This conveyor-belt like arrangement, in addition to other minute details of the molars, links Eritreum more closely with the elephantimorphs (like the gomphotheres) than the elephantiformes (like Palaeomastodon). Indeed, an evolutionary analysis placed Eritreum just outside the group containing mastodons, gomphotheres, and living elephants. It might even fall within this grouping, but more complete specimens will be required to know for sure.

As always, more work remains to be done, but as it stands now Eritreum indicates that east Africa was an important location for proboscidean evolution around 27 million years ago. It would have been a somewhat unfamiliar animal, standing only about four feet at the shoulder and having a long, flat head, but there would be no mistaking it for an elephant relative. Whether it is really a transitional form between the elephantiformes and elephantimorphs or is too derived to fill that role is still an open question, but by trying to confirm or refute these ideas we can learn quite a bit more about a major event in elephant evolution.

For more fossil elephants, see these posts

Shoshani, J., Walter, R., Abraha, M., Berhe, S., Tassy, P., Sanders, W., Marchant, G., Libsekal, Y., Ghirmai, T., & Zinner, D. (2006). A proboscidean from the late Oligocene of Eritrea, a "missing link" between early Elephantiformes and Elephantimorpha, and biogeographic implications Proceedings of the National Academy of Sciences, 103 (46), 17296-17301 DOI: 10.1073/pnas.0603689103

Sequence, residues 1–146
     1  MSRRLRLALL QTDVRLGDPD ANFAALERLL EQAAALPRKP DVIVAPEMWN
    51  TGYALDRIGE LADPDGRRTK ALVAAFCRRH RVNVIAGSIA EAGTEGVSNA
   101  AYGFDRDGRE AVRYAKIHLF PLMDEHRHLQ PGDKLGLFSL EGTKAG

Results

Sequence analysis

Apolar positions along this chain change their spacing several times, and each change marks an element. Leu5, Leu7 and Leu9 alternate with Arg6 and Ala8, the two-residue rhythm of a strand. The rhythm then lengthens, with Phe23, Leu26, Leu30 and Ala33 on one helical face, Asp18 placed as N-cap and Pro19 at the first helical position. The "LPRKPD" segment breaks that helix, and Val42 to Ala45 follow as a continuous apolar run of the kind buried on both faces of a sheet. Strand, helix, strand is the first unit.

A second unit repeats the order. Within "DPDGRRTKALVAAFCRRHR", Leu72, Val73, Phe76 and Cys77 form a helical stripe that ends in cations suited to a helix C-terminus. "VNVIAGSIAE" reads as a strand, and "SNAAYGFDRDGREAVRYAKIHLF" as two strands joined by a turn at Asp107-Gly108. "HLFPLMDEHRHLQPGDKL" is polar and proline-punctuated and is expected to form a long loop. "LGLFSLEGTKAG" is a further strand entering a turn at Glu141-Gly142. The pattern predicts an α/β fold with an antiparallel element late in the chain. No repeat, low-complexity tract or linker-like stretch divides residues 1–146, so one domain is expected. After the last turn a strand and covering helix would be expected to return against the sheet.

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Surprising cladogram! The gomphotheres are closer to the elephants than the mammutidae (the american mastodon and its relatives, not closely related to the wooly mammut, which is an elephant, not a mastodon) are :-0?

This would be important to animals that lived a long time, and indeed, the researchers calculated that this "subadult" specimen of Eritreum was already 26 years old!

And still living in his parents' basement!

Seriously, though, wow. Even modern elephants aren't that slow, are they? (What is the name for the crown group, anyway? Elephantidae? Elephantia?)

Elephantiformes includes Elephantimorpha? That's confusing....

I'm confused. Eritreum is not new - it was named in 2006 (recall that Shoshani died in May 2008). The last time I had cause to mention it, it was in an unusual context. I am numerically challenged, however, and am now wondering if I got the publication date wrong. Help me out.

Whatever, good work :)

Darren; Well don't that just beat all...

I saw this critter in the news just a few weeks ago. Believe it or not, I thought I was late coming to the story... Damn. You're right. The little date at the bottom of the paper says 2006. Thanks for the update. It's still "new" in context of the geological timescale though ;)

Ah, NOW I know what happened. Last month there was an announcement of Eritherium azzouzorum in PNAS. I looked for the paper and was sent to the one for Eritreum by mistake and did not check the date on the bottom of the paper. I'll write about Eritherium azzouzorum tomorrow since that is what I had intended on doing all along, but they really could have picked a more distinctive genus name!

Eritrean; Thank you for the link and the earlier correction. I deleted the earlier comment because there's no need to get all snippy about a minor mistake.